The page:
Along with an afterword by the author explaining his process, a section on each film discusses the film designers, with contemporary quotes and reference information from Roger Christian, Ron Cobb, Martin Bower, Syd Mead, H. R. Giger, Norman Reynolds, George Gibbs, Nigel Phelps, Sylvain Despretz, Steve Burg, and Chris Seagers.  A few close-up photographs of models of the actual ship props and original concept artwork fill out each chapter.  As a bonus, the Suloco and Covenant ships get full pull-out, double-page spreads for their design drawings.  The entirety is an end-to-end compilation of finely detailed artwork for the diehard Alien fan.  And each page is printed on thick, glossy paper, making them ideal for framing.

Check out this preview of a few of the ship and tech blueprints in Alien: the Blueprints:

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Review by C.J. Bunce

Thanks to Fathom Events and other film retrospectives over the years, movie audiences can revisit their first viewings of some of the best films ever made.  In that league comes The Muppet Movie, which just wrapped its 40th anniversary with two days of screenings.  Like the one-of-a-kind The Beach Boys and The Bee Gees, and the symbols of goodness everywhere: Mr. Rogers, Bob Ross, and Steve Irwin, The Muppets are a truly unique team, and Jim Henson and his $65 million box office hit The Muppet Movie reflects why they created the word “iconic” in the first place.  It says something when a retrospective anniversary screening can make the week’s Top 10 box office after 40 years.  The Muppets are as accessible and necessary as they’ve ever been.

Paul Williams’ musical score and powerful songs might be the high point of the movie, from “The Rainbow Connection,” to “Movin’ Right Along,” to Gonzo’s emotional “I’m Going to Go Back There Again.”  Or maybe it’s the magic, the forgetting we’re absorbed in characters played by actors that are a frog and a pig and a bear and a dog and whatever Gonzo is.  Or maybe it’s the behind the scenes magic.  Filming in the lagoon once used for Gilligan’s Island, Henson spent an entire day perfecting the scene with Kermit singing in a wetsuit under water, perched inside a metal tank, reaching upward to give Kermit his character.  You wouldn’t know any of it happened that way from the perfectly still water and multiple angles the song is filmed from.  Or that Kermit was operated my remote control for the Schwinn scene (but Kermit the Muppet really was riding that bicycle, no strings attached!).  Jim Henson can’t be overstated as sitting among the kings of creating the fantastical.

But even all of those great components can’t beat the storytelling.  Full of honesty and heart, Kermit’s path is a classic reluctant hero’s journey, equal to that of Dorothy in The Wizard of Oz, Luke in Star Wars, Frodo and Bilbo in Tolkien’s stories (Fozzie is a great Samwise), Harry in J.K. Rowling’s series.  Here our green felted friend assembles a group of new friends to help him succeed by story’s end.  The Muppets had already been known to us through The Muppet Show, yet this movie succeeded in getting audiences to meet them all over again.  The story is playful, too, allowing its own script to become a plot device with the characters.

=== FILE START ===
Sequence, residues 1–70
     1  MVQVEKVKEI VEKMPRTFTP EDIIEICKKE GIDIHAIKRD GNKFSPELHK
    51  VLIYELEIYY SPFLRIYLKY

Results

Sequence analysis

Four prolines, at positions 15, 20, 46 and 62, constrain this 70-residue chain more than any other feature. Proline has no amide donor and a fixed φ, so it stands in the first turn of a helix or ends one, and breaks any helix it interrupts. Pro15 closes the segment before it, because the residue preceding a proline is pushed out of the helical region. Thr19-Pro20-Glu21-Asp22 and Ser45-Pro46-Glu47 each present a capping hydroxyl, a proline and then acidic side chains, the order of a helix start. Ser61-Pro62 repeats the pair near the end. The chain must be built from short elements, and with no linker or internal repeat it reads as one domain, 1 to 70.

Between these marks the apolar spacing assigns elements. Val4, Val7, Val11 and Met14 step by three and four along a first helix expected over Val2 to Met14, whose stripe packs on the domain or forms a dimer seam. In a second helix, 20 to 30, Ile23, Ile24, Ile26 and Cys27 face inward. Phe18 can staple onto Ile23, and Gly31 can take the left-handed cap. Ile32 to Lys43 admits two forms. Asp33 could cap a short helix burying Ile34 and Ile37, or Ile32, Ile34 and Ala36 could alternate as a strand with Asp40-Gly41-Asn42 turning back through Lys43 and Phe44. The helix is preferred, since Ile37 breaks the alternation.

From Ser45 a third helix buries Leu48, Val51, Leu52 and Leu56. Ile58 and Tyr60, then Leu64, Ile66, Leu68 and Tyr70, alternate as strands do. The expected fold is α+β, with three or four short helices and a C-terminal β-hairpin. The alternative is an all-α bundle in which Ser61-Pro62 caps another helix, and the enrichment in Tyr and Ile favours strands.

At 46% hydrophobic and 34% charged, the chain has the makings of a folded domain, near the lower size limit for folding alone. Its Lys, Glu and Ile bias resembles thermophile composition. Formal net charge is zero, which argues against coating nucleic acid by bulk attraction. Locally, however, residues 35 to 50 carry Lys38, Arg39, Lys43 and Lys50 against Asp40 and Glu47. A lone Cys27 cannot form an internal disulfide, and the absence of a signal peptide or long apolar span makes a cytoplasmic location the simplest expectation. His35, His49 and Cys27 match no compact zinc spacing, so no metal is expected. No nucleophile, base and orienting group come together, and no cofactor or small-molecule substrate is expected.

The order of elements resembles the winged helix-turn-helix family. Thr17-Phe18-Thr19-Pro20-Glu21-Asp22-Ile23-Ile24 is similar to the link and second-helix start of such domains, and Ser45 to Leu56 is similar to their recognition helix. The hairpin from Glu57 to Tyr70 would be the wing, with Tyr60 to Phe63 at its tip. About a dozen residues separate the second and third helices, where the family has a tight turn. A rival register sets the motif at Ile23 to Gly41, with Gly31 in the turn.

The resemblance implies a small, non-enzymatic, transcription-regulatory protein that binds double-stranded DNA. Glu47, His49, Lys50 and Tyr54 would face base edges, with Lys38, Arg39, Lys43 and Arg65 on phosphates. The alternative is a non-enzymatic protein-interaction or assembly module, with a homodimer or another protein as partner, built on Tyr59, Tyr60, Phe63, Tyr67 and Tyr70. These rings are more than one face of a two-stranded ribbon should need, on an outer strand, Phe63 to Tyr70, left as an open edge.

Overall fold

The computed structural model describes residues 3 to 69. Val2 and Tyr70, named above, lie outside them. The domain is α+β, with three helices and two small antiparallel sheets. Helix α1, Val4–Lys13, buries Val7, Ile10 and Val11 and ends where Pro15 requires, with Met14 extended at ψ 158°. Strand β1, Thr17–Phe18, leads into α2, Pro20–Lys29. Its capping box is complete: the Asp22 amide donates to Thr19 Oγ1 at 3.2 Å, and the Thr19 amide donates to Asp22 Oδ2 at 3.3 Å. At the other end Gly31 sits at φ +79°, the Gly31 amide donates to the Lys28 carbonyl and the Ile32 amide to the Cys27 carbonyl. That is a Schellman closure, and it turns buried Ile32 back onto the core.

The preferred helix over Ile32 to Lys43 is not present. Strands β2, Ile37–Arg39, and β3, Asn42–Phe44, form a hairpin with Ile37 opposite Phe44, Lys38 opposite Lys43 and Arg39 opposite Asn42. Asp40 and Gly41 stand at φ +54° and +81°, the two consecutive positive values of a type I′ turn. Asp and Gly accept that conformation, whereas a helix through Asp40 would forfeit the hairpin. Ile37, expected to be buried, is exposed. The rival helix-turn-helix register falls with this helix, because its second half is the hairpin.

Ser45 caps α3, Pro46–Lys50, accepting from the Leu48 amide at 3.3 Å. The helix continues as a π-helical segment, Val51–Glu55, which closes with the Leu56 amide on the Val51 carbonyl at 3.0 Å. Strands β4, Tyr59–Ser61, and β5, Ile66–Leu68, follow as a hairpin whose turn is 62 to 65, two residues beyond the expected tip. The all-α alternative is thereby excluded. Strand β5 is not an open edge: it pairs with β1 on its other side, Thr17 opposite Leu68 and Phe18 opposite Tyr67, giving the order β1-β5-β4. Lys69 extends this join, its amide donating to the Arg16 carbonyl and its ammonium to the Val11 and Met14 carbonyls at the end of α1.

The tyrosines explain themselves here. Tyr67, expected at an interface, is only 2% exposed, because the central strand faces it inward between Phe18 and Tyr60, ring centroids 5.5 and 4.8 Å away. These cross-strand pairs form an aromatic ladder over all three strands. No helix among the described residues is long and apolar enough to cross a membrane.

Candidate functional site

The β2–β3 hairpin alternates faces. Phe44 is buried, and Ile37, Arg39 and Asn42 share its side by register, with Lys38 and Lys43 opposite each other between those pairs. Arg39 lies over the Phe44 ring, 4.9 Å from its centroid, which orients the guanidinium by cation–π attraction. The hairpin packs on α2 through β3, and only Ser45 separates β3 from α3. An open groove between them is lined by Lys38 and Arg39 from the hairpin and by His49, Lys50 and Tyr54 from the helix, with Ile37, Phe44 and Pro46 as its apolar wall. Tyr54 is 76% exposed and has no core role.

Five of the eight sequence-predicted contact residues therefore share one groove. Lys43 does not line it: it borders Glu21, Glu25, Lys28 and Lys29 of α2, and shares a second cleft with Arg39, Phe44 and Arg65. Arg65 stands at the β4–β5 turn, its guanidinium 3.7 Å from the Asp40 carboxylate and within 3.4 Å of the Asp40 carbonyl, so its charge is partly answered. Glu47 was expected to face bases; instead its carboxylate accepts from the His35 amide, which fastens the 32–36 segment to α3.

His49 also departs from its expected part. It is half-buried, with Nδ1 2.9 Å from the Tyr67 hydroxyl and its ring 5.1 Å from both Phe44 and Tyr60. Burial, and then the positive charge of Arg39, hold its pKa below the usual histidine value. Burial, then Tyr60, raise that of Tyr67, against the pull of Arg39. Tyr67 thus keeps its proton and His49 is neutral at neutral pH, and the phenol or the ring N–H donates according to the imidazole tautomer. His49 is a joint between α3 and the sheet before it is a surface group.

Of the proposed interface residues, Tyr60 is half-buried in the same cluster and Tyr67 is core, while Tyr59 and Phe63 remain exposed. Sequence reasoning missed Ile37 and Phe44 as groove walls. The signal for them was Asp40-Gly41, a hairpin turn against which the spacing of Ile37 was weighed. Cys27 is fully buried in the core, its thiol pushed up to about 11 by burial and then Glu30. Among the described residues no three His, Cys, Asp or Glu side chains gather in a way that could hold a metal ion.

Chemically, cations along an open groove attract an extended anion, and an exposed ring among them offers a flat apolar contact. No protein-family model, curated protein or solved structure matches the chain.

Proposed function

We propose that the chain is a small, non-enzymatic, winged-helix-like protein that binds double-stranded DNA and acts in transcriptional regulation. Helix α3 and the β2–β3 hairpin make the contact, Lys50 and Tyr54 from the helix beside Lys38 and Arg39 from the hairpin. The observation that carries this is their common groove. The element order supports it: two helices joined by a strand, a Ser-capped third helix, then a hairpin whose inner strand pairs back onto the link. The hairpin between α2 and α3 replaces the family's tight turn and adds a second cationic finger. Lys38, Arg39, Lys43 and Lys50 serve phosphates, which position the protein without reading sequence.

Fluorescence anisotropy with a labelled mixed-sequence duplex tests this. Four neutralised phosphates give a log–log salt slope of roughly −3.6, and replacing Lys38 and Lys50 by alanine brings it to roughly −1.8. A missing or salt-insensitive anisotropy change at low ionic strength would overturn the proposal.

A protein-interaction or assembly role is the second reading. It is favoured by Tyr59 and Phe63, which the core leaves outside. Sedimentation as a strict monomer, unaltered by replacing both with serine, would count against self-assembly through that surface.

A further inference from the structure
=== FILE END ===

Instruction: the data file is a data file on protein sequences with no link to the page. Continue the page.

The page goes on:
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The 24 issues of Matt Kindt′s Dept.H series is everything we look for at borg–science fiction, action, adventure, retro, mystery, noir.  And it all arrived in one comic book series from Dark Horse.  Writer/artist Matt Kindt has said his series Dept.H was inspired by 1970s G.I. Joes, Fisher Price Adventure People toys, 20,000 Leagues Under the Sea and Jacques Cousteau, and readers felt all of that come through. From the patch on the underwater crew outfits that evoked the classic 1960s/1970s G.I. Joe Adventure Team to the SP-350 diving saucer from the famed Calypso in the craft that takes the characters to the depths of the ocean floor in the opening pages, to the setting and Department H Headquarters based on the ocean floor that screams H.G. Wells, Dept.H is one of the decade’s top comic book series.  And it’s now coming your way in two paperback omnibus editions beginning next week.

Best known for his run on his Mind MGMT series, Eisner Award nominee Kindt wrote and illustrated the story, with coloring supplied by Sharlene Kindt, his wife.  In part the series is an Agatha Christie-inspired closed room case.  We meet Mia Hardy, who has been asked to find the mole in the undersea lab, a mole who is believed to have sabotaged the base and murdered her father.  Mia has worked with the suspects before, providing the opportunity for the writer to hold back information and share with us bits and pieces when necessary.  Who killed Mia’s father?  Was it Q, the head of Dept. H security?  Her father’s business partner Roger?  The frenetic head of research Jerome?  Demolition expert Bob?  Her childhood friend turned enemy Lily?  Her own brother Raj?  Or Aaron, the research assistant?  Or was it someone topside?

 

Readers feel the pressure of undersea operations as Mia is plunged into her own peril, as the facility again is sabotaged before she can work her way though all the suspects.  How long can Kindt take us for this suffocating adventure before letting us come up for air?  The page design even features a graduated flood gauge at the pages’ edges that slowly “fills up” with water issue after issue.